Nebraska Revised Statute 27-201

Chapter 27 Section 201

27-201.

Rule 201. Judicial notice of adjudicative facts; kinds of facts; when discretionary; when mandatory; opportunity to be heard; time of taking notice; instructing jury.

(1) This rule governs only judicial notice of adjudicative facts.

(2) A judicially noticed fact must be one not subject to reasonable dispute in that it is either (a) generally known within the territorial jurisdiction of the trial court or (b) capable of accurate and ready determination by resort to sources whose accuracy cannot reasonably be questioned.

(3) A judge or court may take judicial notice, whether requested or not.

(4) A judge or court shall take judicial notice if requested by a party and supplied with the necessary information.

(5) A party is entitled upon timely request to an opportunity to be heard as to the propriety of taking judicial notice and the tenor of the matter noticed. In the absence of prior notification, the request may be made after judicial notice has been taken.

(6) Judicial notice may be taken at any stage of the proceeding.

(7) In a civil action or proceeding, the judge shall instruct the jury to accept as conclusive any fact judicially noticed. In a criminal case, the judge shall instruct the jury that it may, but is not required to, accept as conclusive any fact judicially noticed.

Source

  • Laws 1975, LB 279, § 7.

Annotations

  • 1. Adjudicative fact

  • 2. Judicial notice

  • 3. Miscellaneous

  • 1. Adjudicative fact

  • Adjudicative facts within the meaning of this section are simply the facts as developed in a particular case, as distinguished from legislative facts, which are established truths, facts, or pronouncements that do not change from case to case but apply universally. Hagelstein v. Swift-Eckrich, 257 Neb. 312, 597 N.W.2d 394 (1999).

  • A fact is adjudicative if the fact affects the determination of a controverted issue in litigation. State v. Vejvoda, 231 Neb. 668, 438 N.W.2d 461 (1989).

  • To be judicially noticed, a fact must be uniform and fixed with no doubt as to the fact itself or that it is a matter of common knowledge. Indoor Recreation Enterprises, Inc. v. Douglas, 194 Neb. 715, 235 N.W.2d 398 (1975).

  • 2. Judicial notice

  • A court may judicially notice adjudicative facts, which are not subject to reasonable dispute, at any stage of the proceeding. Pennfield Oil Co. v. Winstrom, 276 Neb. 123, 752 N.W.2d 588 (2008).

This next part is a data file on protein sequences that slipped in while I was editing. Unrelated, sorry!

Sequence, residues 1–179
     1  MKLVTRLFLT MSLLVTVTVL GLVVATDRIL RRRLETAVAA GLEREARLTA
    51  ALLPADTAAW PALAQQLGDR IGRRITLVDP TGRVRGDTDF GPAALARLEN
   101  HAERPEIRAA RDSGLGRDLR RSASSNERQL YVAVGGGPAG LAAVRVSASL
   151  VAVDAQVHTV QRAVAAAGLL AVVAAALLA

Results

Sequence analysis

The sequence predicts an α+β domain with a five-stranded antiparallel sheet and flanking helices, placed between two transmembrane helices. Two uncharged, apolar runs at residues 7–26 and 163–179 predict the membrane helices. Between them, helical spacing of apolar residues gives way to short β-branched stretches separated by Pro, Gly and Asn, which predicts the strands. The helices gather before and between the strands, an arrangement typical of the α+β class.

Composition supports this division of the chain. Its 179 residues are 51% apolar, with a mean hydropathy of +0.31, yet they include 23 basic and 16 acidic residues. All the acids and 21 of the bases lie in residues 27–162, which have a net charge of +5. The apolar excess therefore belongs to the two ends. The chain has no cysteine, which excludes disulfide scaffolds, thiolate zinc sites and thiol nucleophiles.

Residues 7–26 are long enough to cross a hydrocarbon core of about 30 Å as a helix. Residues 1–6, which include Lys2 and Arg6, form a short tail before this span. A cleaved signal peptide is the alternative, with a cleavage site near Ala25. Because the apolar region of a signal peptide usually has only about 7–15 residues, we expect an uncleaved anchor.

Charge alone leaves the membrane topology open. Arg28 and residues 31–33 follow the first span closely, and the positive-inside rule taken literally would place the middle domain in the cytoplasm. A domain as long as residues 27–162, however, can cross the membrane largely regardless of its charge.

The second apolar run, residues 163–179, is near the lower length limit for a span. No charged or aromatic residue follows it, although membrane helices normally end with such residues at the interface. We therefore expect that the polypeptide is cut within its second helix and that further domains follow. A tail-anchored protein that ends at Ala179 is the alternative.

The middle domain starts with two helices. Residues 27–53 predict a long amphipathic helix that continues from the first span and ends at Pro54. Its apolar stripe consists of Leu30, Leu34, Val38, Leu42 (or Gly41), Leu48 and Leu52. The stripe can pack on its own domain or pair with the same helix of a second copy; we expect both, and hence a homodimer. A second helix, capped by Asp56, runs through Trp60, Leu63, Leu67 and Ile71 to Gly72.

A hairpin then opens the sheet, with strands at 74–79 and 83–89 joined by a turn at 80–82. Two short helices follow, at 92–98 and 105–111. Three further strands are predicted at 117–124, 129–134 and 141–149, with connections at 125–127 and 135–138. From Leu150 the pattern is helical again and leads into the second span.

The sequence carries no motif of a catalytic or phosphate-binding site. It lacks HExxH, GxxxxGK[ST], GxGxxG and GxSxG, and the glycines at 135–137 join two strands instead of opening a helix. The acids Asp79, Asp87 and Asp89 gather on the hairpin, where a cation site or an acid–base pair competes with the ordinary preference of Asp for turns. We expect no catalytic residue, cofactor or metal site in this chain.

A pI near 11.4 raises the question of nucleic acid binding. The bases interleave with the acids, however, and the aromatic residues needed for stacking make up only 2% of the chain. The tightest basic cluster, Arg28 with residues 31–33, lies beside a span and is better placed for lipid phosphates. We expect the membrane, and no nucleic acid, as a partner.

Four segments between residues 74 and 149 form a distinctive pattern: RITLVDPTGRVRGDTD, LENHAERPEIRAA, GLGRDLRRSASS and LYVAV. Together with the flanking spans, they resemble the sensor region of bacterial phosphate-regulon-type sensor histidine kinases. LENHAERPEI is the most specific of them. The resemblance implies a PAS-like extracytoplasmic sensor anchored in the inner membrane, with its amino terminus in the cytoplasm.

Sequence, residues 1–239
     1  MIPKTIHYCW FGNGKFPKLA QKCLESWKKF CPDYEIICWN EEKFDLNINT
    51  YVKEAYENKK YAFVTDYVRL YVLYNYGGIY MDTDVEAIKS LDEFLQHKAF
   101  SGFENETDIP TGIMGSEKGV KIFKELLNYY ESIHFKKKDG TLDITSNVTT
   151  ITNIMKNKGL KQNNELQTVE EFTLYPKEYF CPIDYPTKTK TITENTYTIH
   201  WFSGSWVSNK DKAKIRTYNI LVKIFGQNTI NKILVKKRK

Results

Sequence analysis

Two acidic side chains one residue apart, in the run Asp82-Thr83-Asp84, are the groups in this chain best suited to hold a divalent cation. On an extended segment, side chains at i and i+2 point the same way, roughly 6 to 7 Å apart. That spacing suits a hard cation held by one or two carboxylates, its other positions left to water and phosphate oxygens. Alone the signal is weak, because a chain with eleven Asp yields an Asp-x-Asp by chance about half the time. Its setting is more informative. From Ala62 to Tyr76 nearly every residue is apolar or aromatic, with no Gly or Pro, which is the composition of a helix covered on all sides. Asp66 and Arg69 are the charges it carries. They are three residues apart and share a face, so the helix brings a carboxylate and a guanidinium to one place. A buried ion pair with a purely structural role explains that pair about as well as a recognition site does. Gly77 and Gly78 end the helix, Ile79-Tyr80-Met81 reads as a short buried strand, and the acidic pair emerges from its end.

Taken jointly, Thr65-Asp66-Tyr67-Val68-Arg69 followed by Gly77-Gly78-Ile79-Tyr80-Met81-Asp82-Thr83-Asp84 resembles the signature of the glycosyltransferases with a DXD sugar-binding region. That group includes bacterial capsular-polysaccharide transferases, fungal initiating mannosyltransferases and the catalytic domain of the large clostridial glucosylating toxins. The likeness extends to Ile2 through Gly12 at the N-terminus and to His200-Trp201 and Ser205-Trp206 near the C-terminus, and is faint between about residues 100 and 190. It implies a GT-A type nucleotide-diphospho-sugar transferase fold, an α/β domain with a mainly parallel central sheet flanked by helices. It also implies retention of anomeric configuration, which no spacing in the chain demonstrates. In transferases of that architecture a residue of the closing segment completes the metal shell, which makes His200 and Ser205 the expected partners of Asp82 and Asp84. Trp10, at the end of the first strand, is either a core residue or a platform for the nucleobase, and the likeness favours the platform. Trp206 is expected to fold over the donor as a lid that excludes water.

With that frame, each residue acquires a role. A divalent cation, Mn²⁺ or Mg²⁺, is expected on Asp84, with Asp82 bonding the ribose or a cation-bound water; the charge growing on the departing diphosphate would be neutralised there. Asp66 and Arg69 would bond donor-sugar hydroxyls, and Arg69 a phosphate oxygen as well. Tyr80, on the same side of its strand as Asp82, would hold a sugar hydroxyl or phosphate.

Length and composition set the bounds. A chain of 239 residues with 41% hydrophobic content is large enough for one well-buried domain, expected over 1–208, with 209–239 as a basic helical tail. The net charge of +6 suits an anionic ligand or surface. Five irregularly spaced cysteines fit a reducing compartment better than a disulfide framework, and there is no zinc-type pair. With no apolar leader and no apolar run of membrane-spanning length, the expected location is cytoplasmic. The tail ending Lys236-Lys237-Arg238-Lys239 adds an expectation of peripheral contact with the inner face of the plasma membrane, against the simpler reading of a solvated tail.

• An appellate court may take judicial notice of a document, including briefs filed in an appeal, in a separate but related action concerning the same subject matter in the same court. Pennfield Oil Co. v. Winstrom, 276 Neb. 123, 752 N.W.2d 588 (2008).

  • In interwoven and interdependent cases, an appellate court may examine its own records and take judicial notice of the proceedings and judgment in a former action involving one of the parties. Pennfield Oil Co. v. Winstrom, 276 Neb. 123, 752 N.W.2d 588 (2008).

  • The formal introduction into evidence of a court's own prior proceedings should be done by individually noticing those elements considered relevant and competent for the issues presented. Strunk v. Chromy-Strunk, 270 Neb. 917, 708 N.W.2d 821 (2006).

  • A juvenile court has a right to examine its own records and take judicial notice of its own proceedings and judgment in an interwoven and dependent controversy where the same matters have already been considered and determined. In re Interest of Ty M. & Devon M., 265 Neb. 150, 655 N.W.2d 672 (2003).

  • When cases are interwoven and interdependent and the controversy involved has already been considered and determined by the court in a former proceeding involving one of the parties now before it, the court has the right to examine its own records and take judicial notice of its own proceedings and judgments in the former action. Appellate courts in this state may take judicial notice of a document, including briefs filed in an appeal, in a separate but related action concerning the same subject matter in the same court. Jessen v. Jessen, 259 Neb. 644, 611 N.W.2d 834 (2000).